Actively take breaks. Go on vacation, or for a walk at midday; read your favourite book at night. Your business won’t fall apart if you take 30 minutes for yourself.
You work hard. You deserve to relax a bit. And stop texting your support people at night. They also need a break.
You feel like you need to work all the time
This ties in with the one above. Try to compartmentalise to allow for breaks during the day. There is no need for you to wake up and immediately check your emails, or spend your lunch doing the same. Give yourself time to catch your breath.
At night, you should be spending time with your loved ones, or yourself. Don’t go to bed before winding down a bit. It’s important for a good night’s sleep! Lack of sleep is more damaging to a young business than is an occasional rest.
You constantly pitch that people should have “a business mindset”
As a startup owner, it is important to constantly look for new opportunities and ways to bring in more business. But, that does not mean your support people need to have the same mindset. If they did, they would probably be running their own businesses.
Don’t expect your support people to have a “business mindset”. This can come across in many ways, none of which are positive. Train them to have your mindset and communicate your values instead.
You email/text your support people any time of day
This is a big red flag! Firstly because you are working at crazy times during the day or night. But mainly because it shows that you don’t respect people’s free time. Even if you don’t expect an immediate response, try to stay away from sending extremely late or early mails.
Even though you are not expecting a response immediately, it can come across in a negative light. Some employees might feel that they are expected to be working at those hours. Your employees are diligent, hardworking people who take their signals from you. BE mindful of what signals you are sending.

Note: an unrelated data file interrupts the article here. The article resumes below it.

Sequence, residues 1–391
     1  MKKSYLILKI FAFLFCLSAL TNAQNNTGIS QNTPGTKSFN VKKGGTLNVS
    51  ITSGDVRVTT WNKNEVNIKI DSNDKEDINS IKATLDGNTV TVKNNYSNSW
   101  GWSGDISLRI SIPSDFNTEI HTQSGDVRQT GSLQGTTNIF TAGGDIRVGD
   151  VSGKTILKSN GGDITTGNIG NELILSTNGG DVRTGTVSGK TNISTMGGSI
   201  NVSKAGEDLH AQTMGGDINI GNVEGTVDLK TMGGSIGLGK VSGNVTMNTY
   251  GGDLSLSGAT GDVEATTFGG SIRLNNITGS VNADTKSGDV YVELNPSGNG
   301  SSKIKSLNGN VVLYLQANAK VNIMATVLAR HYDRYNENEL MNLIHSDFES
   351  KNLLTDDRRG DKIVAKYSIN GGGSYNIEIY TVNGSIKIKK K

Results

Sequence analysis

Rather make a note and send the message during working hours. You can also schedule the email or text to be sent during working hours. We have the technology!
You are constantly working towards growth in your business
Lastly, and probably most importantly, constant growth won’t happen to your business. The most negative idea that comes from hustle culture is that you need to constantly work towards growing your business.
The truth is that a business goes through stages. When your business enters a growth stage, it is important to ride it out and help it along as much as you can. But, when your business isn’t in a growth stage, you can look at improving other aspects of your business – like your diversity programme.
Please remember that unchecked growth is the “worldview” of cancer and it is how cancer kills people. This is not a great model to work from.
Being part of hustle culture can be hard to spot. You might not even know that you have been conditioned to think in such a way. That is why it is important to realise it yourself and take steps towards breaking the mindset.
After all, hustling is not just toxic towards you, but those around you.
Hustle culture is on its way out. It’s impossible to be working 24/7. So, if you are a hustler, go on a vacation, you deserve it!